… the idea of building up an image from individual letters and other characters is much older than the computer …
Christian Gessner’s Die so nöthig als nützliche Buchdruckerkunst und Schriftgiessery (1740-1745) is a manual of printing, copiously illustrated with copperplate engravings (including an impressive depiction of a printing shop) and other images, like this fold-out depiction of cathedral spires (with apologies for the poor scan) [Image 1]
If you look closely, you’ll notice that in this case the method of illustration is not engraving; instead the image is composed (literally) entirely of typographical ornaments. That means that every section of every line is probably the imprint of a single piece of type.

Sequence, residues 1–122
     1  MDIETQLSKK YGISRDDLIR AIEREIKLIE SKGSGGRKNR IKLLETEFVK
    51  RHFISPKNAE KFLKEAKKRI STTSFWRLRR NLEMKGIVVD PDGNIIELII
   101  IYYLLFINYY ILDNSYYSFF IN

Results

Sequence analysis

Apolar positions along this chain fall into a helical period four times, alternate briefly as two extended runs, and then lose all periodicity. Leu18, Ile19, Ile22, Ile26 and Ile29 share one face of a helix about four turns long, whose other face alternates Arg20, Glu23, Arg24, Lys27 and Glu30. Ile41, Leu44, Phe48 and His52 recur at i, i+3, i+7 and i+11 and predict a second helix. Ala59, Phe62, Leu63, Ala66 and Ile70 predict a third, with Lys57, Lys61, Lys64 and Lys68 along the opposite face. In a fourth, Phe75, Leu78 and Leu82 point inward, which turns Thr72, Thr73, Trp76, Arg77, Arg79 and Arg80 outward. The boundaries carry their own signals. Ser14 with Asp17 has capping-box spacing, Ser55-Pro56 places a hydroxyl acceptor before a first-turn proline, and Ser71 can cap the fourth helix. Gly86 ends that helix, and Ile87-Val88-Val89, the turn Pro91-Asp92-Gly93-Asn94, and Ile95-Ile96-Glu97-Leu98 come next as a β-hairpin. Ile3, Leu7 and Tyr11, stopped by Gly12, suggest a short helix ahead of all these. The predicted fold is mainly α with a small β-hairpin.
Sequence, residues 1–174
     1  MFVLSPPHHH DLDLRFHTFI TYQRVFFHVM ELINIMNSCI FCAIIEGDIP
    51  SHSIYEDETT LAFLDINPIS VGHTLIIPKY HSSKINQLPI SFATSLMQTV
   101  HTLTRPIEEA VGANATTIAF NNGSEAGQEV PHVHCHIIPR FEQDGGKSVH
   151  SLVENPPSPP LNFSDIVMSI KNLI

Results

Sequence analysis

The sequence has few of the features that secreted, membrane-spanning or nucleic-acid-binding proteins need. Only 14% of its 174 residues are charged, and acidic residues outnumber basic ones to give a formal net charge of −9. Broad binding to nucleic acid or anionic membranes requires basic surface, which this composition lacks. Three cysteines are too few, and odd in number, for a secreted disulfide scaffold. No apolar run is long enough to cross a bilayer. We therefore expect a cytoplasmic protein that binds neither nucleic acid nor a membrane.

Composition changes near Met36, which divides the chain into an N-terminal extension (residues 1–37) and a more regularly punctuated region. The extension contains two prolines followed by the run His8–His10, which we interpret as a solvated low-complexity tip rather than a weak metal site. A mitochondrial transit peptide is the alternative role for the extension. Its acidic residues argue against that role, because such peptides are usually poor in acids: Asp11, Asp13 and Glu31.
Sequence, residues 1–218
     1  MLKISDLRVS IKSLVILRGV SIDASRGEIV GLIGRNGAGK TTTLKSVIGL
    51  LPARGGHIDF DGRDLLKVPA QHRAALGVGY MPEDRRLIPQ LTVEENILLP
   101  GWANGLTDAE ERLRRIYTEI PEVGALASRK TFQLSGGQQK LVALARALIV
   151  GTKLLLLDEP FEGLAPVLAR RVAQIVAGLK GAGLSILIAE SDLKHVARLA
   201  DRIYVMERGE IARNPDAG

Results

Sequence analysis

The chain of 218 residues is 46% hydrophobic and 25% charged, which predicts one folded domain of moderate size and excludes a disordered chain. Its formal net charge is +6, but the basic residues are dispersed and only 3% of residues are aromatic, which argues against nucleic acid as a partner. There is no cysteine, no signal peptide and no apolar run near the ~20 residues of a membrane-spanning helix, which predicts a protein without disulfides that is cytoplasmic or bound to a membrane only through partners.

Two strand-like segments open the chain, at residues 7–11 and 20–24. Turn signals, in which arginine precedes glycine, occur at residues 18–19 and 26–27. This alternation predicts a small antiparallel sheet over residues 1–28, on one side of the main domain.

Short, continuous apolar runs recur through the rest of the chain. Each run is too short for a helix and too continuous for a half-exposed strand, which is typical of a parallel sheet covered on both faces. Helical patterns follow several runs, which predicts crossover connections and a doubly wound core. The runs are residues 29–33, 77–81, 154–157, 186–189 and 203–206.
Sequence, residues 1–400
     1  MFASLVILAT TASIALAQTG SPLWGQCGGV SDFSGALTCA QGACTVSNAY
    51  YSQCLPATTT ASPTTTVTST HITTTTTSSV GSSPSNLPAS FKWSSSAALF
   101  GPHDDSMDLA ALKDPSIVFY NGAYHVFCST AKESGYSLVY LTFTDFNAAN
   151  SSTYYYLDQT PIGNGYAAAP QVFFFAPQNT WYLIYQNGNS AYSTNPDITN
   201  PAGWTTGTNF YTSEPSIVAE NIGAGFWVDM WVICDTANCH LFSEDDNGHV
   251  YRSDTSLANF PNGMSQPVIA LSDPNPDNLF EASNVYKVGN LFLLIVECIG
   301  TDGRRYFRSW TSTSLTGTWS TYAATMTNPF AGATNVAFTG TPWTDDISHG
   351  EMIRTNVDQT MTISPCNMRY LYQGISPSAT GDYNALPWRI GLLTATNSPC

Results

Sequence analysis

This Spanish broadside, printed in Valencia [Image 2], dates from slightly later in the century but it follows the same principle. The most clever touch, in my opinion, is the use of two “O”s for windows in the upper area of the tower.
More information, including high definition photographs of the images above where you really see each individual character, can be seen at the Notes For Bibliophiles post.